I use the entire 5 grams in a gallon. It will only help. and saving 75 cents isn't a thing. It degrades over time once it's opened
    7 out of 4 people have a hard time using their hydrometer!

  6. #6

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    Quote Originally Posted by Squatchy View Post
    I use the entire 5 grams in a gallon. It will only help. and saving 75 cents isn't a thing. It degrades over time once it's opened
    Thanks for the reply Squatchy. Really? Again I'm not being cheap. Trying to keep things as directions say. I've asked before but can more yeast be added afterwards?

    Thanks

  7. #7
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    I don't see how adding more of the same yeast will hurt the mead. I would rehydrate it properly (according to package instructions) and add it.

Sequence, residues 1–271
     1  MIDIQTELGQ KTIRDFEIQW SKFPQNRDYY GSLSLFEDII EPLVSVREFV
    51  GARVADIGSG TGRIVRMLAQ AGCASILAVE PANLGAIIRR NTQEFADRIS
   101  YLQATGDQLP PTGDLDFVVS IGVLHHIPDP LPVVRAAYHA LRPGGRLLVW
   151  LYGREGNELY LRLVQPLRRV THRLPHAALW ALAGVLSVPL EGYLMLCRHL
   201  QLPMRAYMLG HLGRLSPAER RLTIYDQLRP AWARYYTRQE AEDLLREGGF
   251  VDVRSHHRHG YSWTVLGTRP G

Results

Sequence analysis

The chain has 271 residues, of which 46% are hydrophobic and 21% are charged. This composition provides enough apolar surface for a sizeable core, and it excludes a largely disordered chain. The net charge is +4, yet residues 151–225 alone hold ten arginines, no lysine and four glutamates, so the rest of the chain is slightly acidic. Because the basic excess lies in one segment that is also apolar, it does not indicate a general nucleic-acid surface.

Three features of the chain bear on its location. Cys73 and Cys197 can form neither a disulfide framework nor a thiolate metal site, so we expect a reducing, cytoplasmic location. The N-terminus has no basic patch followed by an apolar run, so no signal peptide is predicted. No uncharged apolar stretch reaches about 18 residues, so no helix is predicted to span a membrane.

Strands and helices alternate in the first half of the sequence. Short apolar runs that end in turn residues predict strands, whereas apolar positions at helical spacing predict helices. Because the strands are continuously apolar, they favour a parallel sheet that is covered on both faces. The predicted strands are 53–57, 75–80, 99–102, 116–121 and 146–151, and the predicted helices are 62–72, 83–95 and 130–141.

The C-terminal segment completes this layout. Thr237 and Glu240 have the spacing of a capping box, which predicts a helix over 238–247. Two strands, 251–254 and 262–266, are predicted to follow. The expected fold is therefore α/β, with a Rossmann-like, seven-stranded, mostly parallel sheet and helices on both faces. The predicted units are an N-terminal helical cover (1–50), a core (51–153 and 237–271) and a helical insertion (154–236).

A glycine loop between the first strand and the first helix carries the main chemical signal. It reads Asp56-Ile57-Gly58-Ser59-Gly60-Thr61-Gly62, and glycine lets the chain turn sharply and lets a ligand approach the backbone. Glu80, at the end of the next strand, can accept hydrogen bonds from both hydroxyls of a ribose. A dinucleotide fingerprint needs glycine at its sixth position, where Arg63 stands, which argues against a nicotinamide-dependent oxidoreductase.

8. #8
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    Well, the batch is 5 days old at this point, so while you can add the yeast now, if it's been fermenting (bubbling) away all this time, I'd probably just leave it alone.

  9. #9
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    Quote Originally Posted by darigoni View Post
    Well, the batch is 5 days old at this point, so while you can add the yeast now, if it's been fermenting (bubbling) away all this time, I'd probably just leave it alone.
    This. If it's happy, leave it. Check for off flavours, which could be a sign of underpitching.

  10. #10

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    Quote Originally Posted by Toxxyc View Post
    This. If it's happy, leave it. Check for off flavours, which could be a sign of underpitching.
    Again thank you all you have replied. I checked the fermentation again this morning before leaving on a business trip. It is still bubbling away at the same rate, once every 13-14 seconds. She's bubbling away! I'll check the SG at the end of the week and see where it is. I'm keeping it dark and at a temp of approx. 73-76F. Thanks Toxxy. I'll do that tomorrow when I return.

  11. #11

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    Quote Originally Posted by Toxxyc View Post